Name: Paul Edwards
Title: VP, head of Nordic Discovery channels, Discovery Networks Northern Europe
Paul Edwards oversees buying for Discovery Networks International’s thematic channel suite in northern Europe
What is unique about the Discovery Networks Nordic channels and what should buyers know in advance?
Discovery Networks Northern Europe acquires content for Discovery, TLC and Investigation Discovery in the Nordic and Benelux regions and I head up the team that looks after the sourcing and programming for these channels. However, we are only part of the story. In the Nordics we have specialised local teams managing the output for the rest of the portfolio in Norway, Sweden, Denmark and Finland, including the large commercial channels TV Norge, Kanal 5 and TV5.
How do these networks differ from other Discovery Networks channels?
We need acquisitions for Discovery, TLC and ID to compliment the output we receive from our US networks. Discovery has channels in over 220 countries and territories and so we, like other regions in the Discovery Networks International family, need to build up and localise the schedules with content that caters to a specifically Northern European audience.
Should producers and distributors be seeking out acquisitions people at a local level or is buying handled centrally?
We have a central team based in London that scout, source and acquire content for Discovery, TLC and ID in the Nordic and Benelux territories, predominantly Belgium, Netherlands, Denmark, Norway, Finland and Sweden.
What can you tell us about the content strategy for the Dplay service?
In Northern Europe, Dplay is available in Norway, Sweden and Denmark with territory-specific business models – both AVOD and SVOD.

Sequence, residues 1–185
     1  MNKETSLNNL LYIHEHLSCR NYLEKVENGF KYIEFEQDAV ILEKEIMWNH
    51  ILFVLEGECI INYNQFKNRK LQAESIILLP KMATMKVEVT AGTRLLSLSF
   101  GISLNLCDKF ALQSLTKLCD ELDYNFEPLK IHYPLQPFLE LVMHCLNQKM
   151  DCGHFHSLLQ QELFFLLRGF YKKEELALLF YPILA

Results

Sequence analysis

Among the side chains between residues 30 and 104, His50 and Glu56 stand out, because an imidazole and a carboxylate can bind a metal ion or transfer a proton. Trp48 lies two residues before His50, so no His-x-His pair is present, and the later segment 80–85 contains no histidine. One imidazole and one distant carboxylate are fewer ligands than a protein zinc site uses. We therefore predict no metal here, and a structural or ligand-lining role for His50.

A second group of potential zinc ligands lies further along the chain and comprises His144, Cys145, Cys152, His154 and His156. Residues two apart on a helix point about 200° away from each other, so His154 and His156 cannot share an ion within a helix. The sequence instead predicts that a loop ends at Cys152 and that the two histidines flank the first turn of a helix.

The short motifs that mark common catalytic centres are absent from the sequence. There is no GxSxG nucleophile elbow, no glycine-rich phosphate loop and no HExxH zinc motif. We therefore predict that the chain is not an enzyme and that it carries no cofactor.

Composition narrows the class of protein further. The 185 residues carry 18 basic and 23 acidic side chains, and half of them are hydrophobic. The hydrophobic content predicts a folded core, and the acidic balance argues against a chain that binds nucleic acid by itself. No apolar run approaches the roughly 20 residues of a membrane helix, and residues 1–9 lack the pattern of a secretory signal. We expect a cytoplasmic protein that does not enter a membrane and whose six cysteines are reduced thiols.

In Sweden and Denmark, an AVOD offering allows audiences to catch up on local productions across our channel portfolio with a SVOD offering that includes catch-up, library content, previews and live programming from our full portfolio.
In Norway, content is accessed through the SVOD service. Content is uploaded to Dplay as it airs on TV and it stays on the service according to the length of the programme rights, which can vary from seven days to ten years. We utilise key Discovery franchises to draw people to Dplay.
Last year we premiered Gold Rush season six on Dplay a month before it aired on linear TV, which drove subscriptions on Dplay without having an adverse effect on the linear ratings. We also premiered Steven Avery: Innocent or Guilty? on Dplay in the Nordics before the TV premiere and there are future plans to make key series available for ‘binge viewing’ on Dplay in several of our regions before airing on linear.
Who are the key buyers and executives within your team?
I’m lucky to have a talented team sourcing for Discovery (factual) and for TLC (entertainment). Esben Koberaa and Benjamin Wood look after the factual content, whilst Kasia Siecinska and Cherie Cameron source for entertainment. It is through their skills and expertise that we have such fantastic localised content on the Nordic and Benelux channels.
When are the key times during the year that you commission or acquire series?